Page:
Christian meditation

by frankbeswick

Christianity has its own meditation techniques which have not been as well popularised in recent years as the techniques of eastern faiths have been.

Think of meditation and it is likely that you think of a person performing a yoga pose and emptying their mind, possibly to the sound om. This is Eastern meditation and belongs to religions of the Indian tradition, such as Hinduism, Buddhism and Jainism. But there is a different tradition in Christianity that has been neglected in recent years. In Christian practice meditation can develop into a stage of prayer higher than meditation, which Christians call contemplation or mystical prayer.

The modern state of affairs

in recent years meditation has acquired a reasonable degree of popularity in the West. It began with the hippy movement and the Beatles' visit to India to learn transcendental meditation from the Maharishi Yogi. Zen Buddhism has enjoyed some popularity in parts of America and Europe. These developments  are due to the fact that in the modern world faiths are no longer restricted to specific areas, and you can find a wide range of religious beliefs in any part of the world, except totalitarian states where religion is suppressed, such as North Korea, and Islamic states such as Saudi Arabia.Within two miles of my home in satellite town of Manchester, England, I can find two Buddhist meditation centres and a Hindu temple.There are Sufis a little further away, practising their own meditation techniques. Each religion has its own techniques of meditation that rise out of its particular view of the world. There may be overlaps between meditation techniques, but there are differences.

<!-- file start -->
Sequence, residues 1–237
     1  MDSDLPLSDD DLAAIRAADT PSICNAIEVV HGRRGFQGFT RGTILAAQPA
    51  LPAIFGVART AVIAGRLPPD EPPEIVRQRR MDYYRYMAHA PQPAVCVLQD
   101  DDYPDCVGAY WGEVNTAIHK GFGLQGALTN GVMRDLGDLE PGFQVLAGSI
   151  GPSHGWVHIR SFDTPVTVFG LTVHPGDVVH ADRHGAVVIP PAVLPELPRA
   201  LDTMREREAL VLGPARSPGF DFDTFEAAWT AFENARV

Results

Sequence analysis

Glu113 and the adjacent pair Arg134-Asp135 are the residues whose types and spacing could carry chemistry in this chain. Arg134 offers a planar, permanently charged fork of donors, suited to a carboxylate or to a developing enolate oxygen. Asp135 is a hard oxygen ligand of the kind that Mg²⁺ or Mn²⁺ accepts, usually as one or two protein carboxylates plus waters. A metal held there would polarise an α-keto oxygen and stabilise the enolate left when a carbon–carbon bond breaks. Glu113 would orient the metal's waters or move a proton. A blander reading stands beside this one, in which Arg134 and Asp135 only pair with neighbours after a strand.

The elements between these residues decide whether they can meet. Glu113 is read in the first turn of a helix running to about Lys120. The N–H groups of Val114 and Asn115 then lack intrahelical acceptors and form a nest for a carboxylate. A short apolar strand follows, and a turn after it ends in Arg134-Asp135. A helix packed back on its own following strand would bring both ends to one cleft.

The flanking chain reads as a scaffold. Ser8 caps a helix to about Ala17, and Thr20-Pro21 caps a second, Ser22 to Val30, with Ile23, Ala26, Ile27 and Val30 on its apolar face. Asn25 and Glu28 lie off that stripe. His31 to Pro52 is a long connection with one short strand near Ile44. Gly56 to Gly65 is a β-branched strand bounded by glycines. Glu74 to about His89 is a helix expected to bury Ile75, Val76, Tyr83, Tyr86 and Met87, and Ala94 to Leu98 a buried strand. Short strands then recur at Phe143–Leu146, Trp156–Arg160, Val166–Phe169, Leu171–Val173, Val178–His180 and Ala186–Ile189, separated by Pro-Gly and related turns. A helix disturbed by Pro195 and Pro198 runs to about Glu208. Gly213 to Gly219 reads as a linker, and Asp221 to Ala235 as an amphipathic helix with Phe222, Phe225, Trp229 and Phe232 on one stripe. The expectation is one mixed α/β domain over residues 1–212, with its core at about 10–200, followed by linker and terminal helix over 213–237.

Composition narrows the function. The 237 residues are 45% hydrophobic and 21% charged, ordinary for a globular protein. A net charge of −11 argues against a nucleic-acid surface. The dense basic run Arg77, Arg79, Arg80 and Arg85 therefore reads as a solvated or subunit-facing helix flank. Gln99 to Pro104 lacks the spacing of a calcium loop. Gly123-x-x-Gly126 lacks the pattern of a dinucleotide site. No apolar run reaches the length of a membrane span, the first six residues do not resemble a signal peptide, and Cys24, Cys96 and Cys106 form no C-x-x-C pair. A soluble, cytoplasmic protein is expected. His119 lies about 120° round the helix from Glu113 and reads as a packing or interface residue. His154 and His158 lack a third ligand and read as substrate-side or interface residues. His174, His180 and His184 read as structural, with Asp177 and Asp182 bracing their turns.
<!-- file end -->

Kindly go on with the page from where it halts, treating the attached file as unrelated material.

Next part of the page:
Christian mediation is focused on the Christian's relationship with God, who may or may not disclose his presence in prayer. The Christian meditator may focus on the idea of God or some particular aspect of his character, or he/she may focus on Christ, thinking about an event in his life. Others may focus on a saint's life or a particular virtue, especially one that they lack. There are therefore several techniques of meditation available to the worshipper.



Christian Meditation: Your Daily Practice

A concise handbook by a highly respected meditation teacher. Written in the tradition of John Main, the pioneer who revived the Christian tradition of meditation, this book is a...

View on Amazon

Christian Meditation: Experiencing the Presence of God

Enter a Monastery Without WallsChristian Meditation introduces an ancient practice to a contemporary audience. James Finley, a former monk and student of Thomas Merton, presents...

View on Amazon


The first condition of meditation is silence. In Christian thinking silence is the time when the gentle, quiet "voice" of God is heard.  This is why in Christian religious institutions after lights out they have a practice known as magnum silentium, the great silence, which lasts until after morning prayers. During the night the monk is expected to focus on religious matters in the silence provided by this institution.

Silence is the reason why many meditators have sought out lonely places. Hermits used to find secluded spots to meditate, and thus some would seek lonely islands to perform their hours of prayer. The Trappist monks, a branch of the Cistercian order, have a rule that speech is only to be used when necessary, and much of their day is spent in silence. The Carthusians, who spend their day in their cells, studying or at prayer, except for the afternoon work, spend most of their lives in silence when they are not at services.

The silence on the outside is merely the tool for the inner silence which Christians believe to be essential to meditation. For Christian meditators the absence of external noise is a tool towards the attainment of inner stillness. This stillness involves the calming of the emotions and uncontrolled thoughts. These can be stirred by external distractions, and so avoiding distractions is important for meditation. However, controlling thoughts that can be impulsive and intrusive is never easy and takes a great  deal of self-discipline and practice. No one said that meditation was going to be easy.